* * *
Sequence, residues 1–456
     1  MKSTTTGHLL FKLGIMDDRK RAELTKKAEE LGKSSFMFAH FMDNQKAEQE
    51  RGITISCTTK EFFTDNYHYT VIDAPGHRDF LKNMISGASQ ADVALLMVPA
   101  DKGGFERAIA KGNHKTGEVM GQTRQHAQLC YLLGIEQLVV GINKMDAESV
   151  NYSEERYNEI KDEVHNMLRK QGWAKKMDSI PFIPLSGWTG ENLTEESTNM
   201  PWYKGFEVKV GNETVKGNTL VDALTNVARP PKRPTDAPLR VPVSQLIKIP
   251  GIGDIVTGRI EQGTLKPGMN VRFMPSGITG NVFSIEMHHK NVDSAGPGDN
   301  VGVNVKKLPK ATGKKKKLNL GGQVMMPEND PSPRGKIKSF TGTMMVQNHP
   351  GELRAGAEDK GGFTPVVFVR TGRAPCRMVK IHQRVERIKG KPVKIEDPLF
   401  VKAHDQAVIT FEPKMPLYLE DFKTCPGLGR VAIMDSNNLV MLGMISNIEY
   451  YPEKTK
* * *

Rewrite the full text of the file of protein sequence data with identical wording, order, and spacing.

Sequence, residues 1–456
     1  MKSTTTGHLL FKLGIMDDRK RAELTKKAEE LGKSSFMFAH FMDNQKAEQE
    51  RGITISCTTK EFFTDNYHYT VIDAPGHRDF LKNMISGASQ ADVALLMVPA
   101  DKGGFERAIA KGNHKTGEVM GQTRQHAQLC YLLGIEQLVV GINKMDAESV
   151  NYSEERYNEI KDEVHNMLRK QGWAKKMDSI PFIPLSGWTG ENLTEESTNM
   201  PWYKGFEVKV GNETVKGNTL VDALTNVARP PKRPTDAPLR VPVSQLIKIP
   251  GIGDIVTGRI EQGTLKPGMN VRFMPSGITG NVFSIEMHHK NVDSAGPGDN
   301  VGVNVKKLPK ATGKKKKLNL GGQVMMPEND PSPRGKIKSF TGTMMVQNHP
   351  GELRAGAEDK GGFTPVVFVR TGRAPCRMVK IHQRVERIKG KPVKIEDPLF
   401  VKAHDQAVIT FEPKMPLYLE DFKTCPGLGR VAIMDSNNLV MLGMISNIEY
   451  YPEKTK